Hardly anything has changed.

The above format is common. However, I do not understand the role of 'Hardly' here.

According to SpaCy it is used as an adverb-modifier (advmod) of the main-verb: 'changed'.


Think of it like this:

Not a lot of things have changed.

The word 'Hardly' is basically a part of the phrase 'Hardly anything'. It means the same as 'Not a lot of things'.

Note that the verb 'has' changes number in the process.

  • I would agree to "The word 'Hardly' is basically a part of the phrase 'Hardly anything'.". But, then, how can 'Hardly':adverb be used with 'anything':noun? -- That is the question. – Zeeshan Ali Aug 2 '19 at 8:12
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    Because as well as an adverb, hardly is used as a modifier on the quantifier any. Hardly any is a quantifier, just like some and three. Hardly anything is logically the same as Hardly any thing. – Colin Fine Aug 2 '19 at 10:34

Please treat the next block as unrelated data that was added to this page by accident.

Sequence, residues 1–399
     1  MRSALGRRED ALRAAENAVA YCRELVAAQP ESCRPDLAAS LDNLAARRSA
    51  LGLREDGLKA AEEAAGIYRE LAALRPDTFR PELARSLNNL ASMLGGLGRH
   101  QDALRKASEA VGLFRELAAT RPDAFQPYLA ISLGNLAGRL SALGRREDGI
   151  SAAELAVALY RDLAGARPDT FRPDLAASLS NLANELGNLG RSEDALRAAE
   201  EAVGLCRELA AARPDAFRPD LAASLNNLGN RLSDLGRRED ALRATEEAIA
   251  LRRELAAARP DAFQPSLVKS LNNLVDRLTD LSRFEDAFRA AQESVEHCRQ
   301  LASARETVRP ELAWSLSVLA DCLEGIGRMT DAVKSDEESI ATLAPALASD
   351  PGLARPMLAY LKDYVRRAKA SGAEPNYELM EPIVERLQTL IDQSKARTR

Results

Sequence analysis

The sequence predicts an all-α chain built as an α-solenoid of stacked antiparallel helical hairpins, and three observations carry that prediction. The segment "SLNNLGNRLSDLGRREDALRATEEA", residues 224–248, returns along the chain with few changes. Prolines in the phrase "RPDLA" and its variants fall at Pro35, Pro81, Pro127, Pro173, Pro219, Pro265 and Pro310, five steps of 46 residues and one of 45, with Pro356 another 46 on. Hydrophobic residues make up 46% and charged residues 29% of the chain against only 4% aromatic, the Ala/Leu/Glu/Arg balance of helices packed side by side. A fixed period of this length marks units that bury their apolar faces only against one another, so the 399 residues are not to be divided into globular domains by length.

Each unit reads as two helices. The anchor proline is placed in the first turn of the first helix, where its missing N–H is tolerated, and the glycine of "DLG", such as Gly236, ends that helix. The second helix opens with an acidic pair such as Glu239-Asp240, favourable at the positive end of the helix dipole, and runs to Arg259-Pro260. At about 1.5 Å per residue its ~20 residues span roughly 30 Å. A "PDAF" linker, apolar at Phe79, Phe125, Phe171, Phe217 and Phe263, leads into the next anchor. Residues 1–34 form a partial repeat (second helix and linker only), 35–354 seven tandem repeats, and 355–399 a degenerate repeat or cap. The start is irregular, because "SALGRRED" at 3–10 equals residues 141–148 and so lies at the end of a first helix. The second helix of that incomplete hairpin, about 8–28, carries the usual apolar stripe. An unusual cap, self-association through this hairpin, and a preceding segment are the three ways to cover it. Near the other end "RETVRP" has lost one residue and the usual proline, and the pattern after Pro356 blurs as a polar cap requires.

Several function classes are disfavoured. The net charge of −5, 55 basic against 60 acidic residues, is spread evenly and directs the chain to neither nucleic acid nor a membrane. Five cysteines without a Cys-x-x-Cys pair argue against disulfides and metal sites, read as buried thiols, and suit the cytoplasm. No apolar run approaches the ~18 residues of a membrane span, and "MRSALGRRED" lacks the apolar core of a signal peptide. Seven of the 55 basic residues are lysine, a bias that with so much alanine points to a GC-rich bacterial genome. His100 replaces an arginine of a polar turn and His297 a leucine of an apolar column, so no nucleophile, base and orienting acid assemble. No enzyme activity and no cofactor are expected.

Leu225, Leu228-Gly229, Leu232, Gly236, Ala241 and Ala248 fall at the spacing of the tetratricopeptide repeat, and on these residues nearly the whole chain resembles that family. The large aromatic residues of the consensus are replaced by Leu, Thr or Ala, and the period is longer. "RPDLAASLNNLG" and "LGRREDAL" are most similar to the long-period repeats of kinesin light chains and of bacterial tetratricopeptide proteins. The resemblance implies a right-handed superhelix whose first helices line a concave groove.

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    @ZeeshanAli "Anything" is not a noun, but a determinative. In your example the adverb "hardly" modifies "anything". – BillJ Aug 2 '19 at 17:51
  • Oh! Right! "Anything" is not a noun, but a determinative (pronoun). Even so, an adverb cannot modify a pronoun either. I think @GaidinD explained it well that 'Hardly' has to do with the 'Any' of "Anything". Or, am I missing something? – Zeeshan Ali Aug 5 '19 at 9:09

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